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Mary Lowther column: Sprouts provide excellent nutritional value

Alfalfa, mustard, the cruciferous seeds from kale, broccoli and cabbage, commonly sprouted
Sprouts growing in a jar on the window ledge will provide excellent nutrition. (Mary Lowther photo)

By Mary Lowther

When there was so much to do in the garden during the growing season, I didn’t have the need or inclination to grow sprouts. This is no longer true and I’ve turned my attention to indoor growing. The sprouts I’m referring to grow in water, using the stored food and energy within the seed, so are harvested while still in the sprouting stage before they need soil to turn into plants. Alfalfa, mustard, the cruciferous seeds from kale, broccoli and cabbage, red clover and fenugreek are commonly sprouted.

I have a stackable tray for sprouting seeds, but only two of them still have the little red siphon that drains out the tray, and since I couldn’t find any more trays or siphons in the stores, I thought I’d wrap some cheesecloth over the mouth of a jar, put seeds in the jar with some water and strain it out every day. Then I found a special lid that screws onto a mason jar and strains the seeds through tiny holes in the top, negating the need for cheesecloth that would eventually break down. A great little store in Lake Cowichan carries them as well as a dandy book on sprouts that I had to buy too.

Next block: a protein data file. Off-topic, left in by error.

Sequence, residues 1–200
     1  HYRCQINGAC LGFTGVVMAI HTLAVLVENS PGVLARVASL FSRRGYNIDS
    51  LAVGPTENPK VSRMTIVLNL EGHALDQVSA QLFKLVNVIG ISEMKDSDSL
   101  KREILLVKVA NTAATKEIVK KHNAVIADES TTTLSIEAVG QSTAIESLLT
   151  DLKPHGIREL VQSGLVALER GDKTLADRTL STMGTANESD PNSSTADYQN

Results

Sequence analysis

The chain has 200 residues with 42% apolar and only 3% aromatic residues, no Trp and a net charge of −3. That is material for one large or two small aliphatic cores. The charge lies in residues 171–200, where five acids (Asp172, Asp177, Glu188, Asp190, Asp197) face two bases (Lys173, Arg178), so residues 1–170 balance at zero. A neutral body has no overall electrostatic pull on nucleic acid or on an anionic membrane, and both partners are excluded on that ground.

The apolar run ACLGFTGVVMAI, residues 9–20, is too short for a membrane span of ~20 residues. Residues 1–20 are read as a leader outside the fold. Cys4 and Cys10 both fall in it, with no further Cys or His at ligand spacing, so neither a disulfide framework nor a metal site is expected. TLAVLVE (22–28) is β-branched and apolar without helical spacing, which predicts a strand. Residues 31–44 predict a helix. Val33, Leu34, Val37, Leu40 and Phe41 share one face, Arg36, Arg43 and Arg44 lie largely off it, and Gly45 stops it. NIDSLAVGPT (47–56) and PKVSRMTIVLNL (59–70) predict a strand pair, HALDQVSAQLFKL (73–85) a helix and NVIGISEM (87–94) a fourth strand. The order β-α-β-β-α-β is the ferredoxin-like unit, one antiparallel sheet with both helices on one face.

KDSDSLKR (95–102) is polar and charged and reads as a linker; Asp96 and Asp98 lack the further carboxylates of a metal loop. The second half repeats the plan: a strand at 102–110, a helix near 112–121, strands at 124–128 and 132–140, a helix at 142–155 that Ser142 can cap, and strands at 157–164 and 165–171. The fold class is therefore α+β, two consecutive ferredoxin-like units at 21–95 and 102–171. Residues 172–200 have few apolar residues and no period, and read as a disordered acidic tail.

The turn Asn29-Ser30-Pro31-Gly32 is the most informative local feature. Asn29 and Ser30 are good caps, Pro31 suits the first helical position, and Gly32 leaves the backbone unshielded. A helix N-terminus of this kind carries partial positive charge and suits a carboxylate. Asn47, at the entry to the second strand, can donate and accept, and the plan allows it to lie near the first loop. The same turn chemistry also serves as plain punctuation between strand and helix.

Nutritional levels skyrocket when seeds sprout. For example, mung beans, chickpeas and lentil sprouts contain around 20 per cent protein plus vitamins A, C and E, iron, calcium and magnesium. Adzuki beans have 25 per cent protein, all of the amino acids except tryptophan, vitamins A, C and E, iron, niacin and calcium. Red clover was fed to diabetic mice and after five weeks they showed “significant lowering of blood glucose levels” (Longxin Q, et al, 2014). Alfalfa helps maintain good levels of cholesterol, decreases the severity of lupus and has anti-inflammatory activity (Hong YH, et al, Biomed Sci. 2009).

We put sprouts on our sandwiches and in salads because the best way to get nutrition from sprouts is eating them raw. Here’s a nice recipe from Harrowsmith magazine that uses alfalfa sprouts:

Carrot Sprout Salad

2 cups grated carrots

2 cups alfalfa sprouts

1/3 cup raisins

2 T. toasted sunflower seeds

½ tsp. salt

pepper to taste

1 T. vinegar

1 T. oil

Combine everything, mix well and serve immediately.


On Nov. 25 at Dinter Nursery, 2205 Phipp’s Rd. (just south of Duncan on the main highway), Christmas Open House from 10 a.m. to 3 p.m., including a “Makers Market”.

Please contact with questions and suggestions since I need all the help I can get.